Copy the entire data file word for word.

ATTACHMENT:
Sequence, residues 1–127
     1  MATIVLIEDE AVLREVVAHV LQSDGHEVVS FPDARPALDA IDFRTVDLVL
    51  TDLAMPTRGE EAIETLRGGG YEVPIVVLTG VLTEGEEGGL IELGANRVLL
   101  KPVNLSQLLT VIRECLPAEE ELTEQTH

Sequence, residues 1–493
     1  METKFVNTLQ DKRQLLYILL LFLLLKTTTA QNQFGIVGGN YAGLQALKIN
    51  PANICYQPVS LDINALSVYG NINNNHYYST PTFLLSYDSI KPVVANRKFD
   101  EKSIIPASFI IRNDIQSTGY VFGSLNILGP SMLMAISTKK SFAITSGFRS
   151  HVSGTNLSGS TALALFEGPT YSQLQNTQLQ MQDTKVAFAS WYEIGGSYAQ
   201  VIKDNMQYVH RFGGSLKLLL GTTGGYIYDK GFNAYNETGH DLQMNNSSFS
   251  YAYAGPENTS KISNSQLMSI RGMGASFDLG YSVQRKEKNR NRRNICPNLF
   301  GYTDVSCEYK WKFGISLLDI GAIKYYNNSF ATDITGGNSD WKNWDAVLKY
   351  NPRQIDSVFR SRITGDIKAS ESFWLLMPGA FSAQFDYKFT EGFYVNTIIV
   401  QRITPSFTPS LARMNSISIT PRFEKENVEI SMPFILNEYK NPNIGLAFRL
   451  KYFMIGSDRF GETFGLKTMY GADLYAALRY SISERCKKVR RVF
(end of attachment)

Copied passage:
Sequence, residues 1–127
     1  MATIVLIEDE AVLREVVAHV LQSDGHEVVS FPDARPALDA IDFRTVDLVL
    51  TDLAMPTRGE EAIETLRGGG YEVPIVVLTG VLTEGEEGGL IELGANRVLL
   101  KPVNLSQLLT VIRECLPAEE ELTEQTH

Sequence, residues 1–493
     1  METKFVNTLQ DKRQLLYILL LFLLLKTTTA QNQFGIVGGN YAGLQALKIN
    51  PANICYQPVS LDINALSVYG NINNNHYYST PTFLLSYDSI KPVVANRKFD
   101  EKSIIPASFI IRNDIQSTGY VFGSLNILGP SMLMAISTKK SFAITSGFRS
   151  HVSGTNLSGS TALALFEGPT YSQLQNTQLQ MQDTKVAFAS WYEIGGSYAQ
   201  VIKDNMQYVH RFGGSLKLLL GTTGGYIYDK GFNAYNETGH DLQMNNSSFS
   251  YAYAGPENTS KISNSQLMSI RGMGASFDLG YSVQRKEKNR NRRNICPNLF
   301  GYTDVSCEYK WKFGISLLDI GAIKYYNNSF ATDITGGNSD WKNWDAVLKY
   351  NPRQIDSVFR SRITGDIKAS ESFWLLMPGA FSAQFDYKFT EGFYVNTIIV
   401  QRITPSFTPS LARMNSISIT PRFEKENVEI SMPFILNEYK NPNIGLAFRL
   451  KYFMIGSDRF GETFGLKTMY GADLYAALRY SISERCKKVR RVF